Mel Schwartz

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Mel Schwartz: The Possibility Principle

Mel Schwartz is an author, public speaker, and psychotherapist who has been in private practice for more than 20 years. With Sounds True, he has recently published the book The Possibility Principle: How Quantum Physics Can Improve the Way You Think, Live, and Love. In this episode of Insights at the Edge, Tami Simon talks with Mel about the central ideas of quantum physics and how they can be applied to our day-to-day mental health. Mel describes the implications of quantum theory for perfectionists, as well as how the nanoseconds between thoughts contain near-infinite possibilities. In the same vein, Tami and Mel discuss the roots of anxiety and why it is so difficult to surrender to the uncertainty of the next moment. Finally, Mel leads listeners in a guided practice for letting go of our sense of safety in order to align completely with the flow of life. (67 minutes)

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How to Mental Stack Your Way to a New Chapter in Life

Most people feel trapped in a thousand ways. But more often than not, this sense of entrapment us into putting our heads down and getting the things we are expected to get done, done. We can’t often see the entrapment, especially if it looks like the result of our own choices in life. But were they truly our own choices? What if some of the choices we made in life have never really been ours to begin with? 

I want to take us back a little. Back to when we were younger. When we had to rely on the wisdom of our elders, and those who have been in this life much longer than us. In my upcoming book Invisible Loss, I write about that time in our lives when we were at our most rebellious:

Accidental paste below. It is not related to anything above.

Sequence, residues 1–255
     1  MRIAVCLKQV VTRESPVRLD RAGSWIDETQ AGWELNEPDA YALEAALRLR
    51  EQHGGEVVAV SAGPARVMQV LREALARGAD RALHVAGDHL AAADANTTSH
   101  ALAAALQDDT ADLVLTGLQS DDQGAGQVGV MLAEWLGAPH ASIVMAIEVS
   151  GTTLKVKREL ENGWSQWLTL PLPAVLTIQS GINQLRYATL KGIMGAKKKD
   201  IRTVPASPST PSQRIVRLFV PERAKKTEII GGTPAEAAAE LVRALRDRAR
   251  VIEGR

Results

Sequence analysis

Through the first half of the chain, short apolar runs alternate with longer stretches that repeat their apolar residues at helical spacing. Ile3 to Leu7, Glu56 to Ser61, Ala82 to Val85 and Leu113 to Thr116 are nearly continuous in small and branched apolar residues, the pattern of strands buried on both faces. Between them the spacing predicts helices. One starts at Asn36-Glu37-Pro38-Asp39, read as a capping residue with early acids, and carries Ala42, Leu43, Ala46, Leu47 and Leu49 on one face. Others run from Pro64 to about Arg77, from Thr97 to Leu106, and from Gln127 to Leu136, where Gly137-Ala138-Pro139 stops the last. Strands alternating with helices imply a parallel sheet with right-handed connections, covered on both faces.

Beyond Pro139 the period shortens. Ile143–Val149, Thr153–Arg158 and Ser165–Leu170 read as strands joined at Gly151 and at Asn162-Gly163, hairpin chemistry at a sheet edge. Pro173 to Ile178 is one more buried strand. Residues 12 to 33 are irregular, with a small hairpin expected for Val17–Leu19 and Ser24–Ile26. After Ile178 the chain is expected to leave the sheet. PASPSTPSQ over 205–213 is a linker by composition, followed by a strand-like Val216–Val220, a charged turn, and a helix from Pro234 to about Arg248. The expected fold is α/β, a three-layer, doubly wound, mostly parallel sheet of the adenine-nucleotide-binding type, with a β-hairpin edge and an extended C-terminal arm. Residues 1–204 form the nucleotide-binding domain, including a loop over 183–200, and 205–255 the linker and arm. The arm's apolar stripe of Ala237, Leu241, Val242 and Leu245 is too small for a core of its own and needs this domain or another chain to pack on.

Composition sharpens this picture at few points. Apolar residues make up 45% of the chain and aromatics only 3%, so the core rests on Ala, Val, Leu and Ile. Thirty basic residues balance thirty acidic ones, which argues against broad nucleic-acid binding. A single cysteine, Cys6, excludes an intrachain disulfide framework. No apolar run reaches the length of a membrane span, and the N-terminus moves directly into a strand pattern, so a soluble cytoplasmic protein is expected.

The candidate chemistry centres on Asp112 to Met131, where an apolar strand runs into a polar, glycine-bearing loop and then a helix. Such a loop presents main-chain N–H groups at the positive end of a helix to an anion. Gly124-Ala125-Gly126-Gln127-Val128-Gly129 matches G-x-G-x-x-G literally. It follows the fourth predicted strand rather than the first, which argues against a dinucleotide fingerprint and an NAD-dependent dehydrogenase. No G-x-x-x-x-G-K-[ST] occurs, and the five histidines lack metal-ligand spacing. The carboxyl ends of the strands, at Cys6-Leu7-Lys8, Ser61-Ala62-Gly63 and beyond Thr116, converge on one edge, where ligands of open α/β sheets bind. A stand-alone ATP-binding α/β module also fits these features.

Disobedience—as a child, as a teen, as an adult in the world of work and home—is an act that creates invisible suffering. We learn to survive that repeated pattern of being commanded by our elders to be “good.” In order to be good and obey, we may create a life closer to that command but further away from our Original Self. We may work hard trying to be good, trying to please and fit into the mold created for us, but that only helps to build our Waiting Room life.

But time in the Waiting Room doesn’t need to last forever. And you don’t have to die inside it. There are parts within you that can bring forth a life worthy of your human existence. Places within yourself that have no shame.

As long as we have been alive, creating a life that aligns closest to the wishes of our caregivers and protectors blinds us to the life that we could choose for ourselves. That life is completely hidden even if we think we know our wishes. Often, only when we go through tragic or invisible losses, do we start to question those choices. Dare I say, these moments are opportunities to exit the loop of being “good.”

It is time to interrupt our regular transmission. It is time to be clear when it comes to what it is we are trying to communicate to the people in our lives. It starts from no longer trying so hard to fit into the mold that was created for us.  No matter how old we are, we can always break outside this mold and align our choices with our true values and desires.

This is not an easy task. I understand that. At the core of my book, Invisible Loss, I’ve created tjos easy practice to help set you on the right path to your Original Self. I call it Mental Stacking:

What Is Mental Stacking?

Mental Stacking is the ability to intentionally layer your thoughts to replace unconscious, Survivor-based

thinking with Wisdom-based thinking. In doing so, these Wisdom-based thoughts can more easily be converted into real-life action. This Stacking practice allows you to access your true and authentic self (your Original Self) and entrust it with the controls of your life. Here is what a basic Stack looks like:

  • The Cleanse: Transcribing the automatic, routine-based, unconscious thoughts. Write them down. Don’t stop writing until you feel you are done.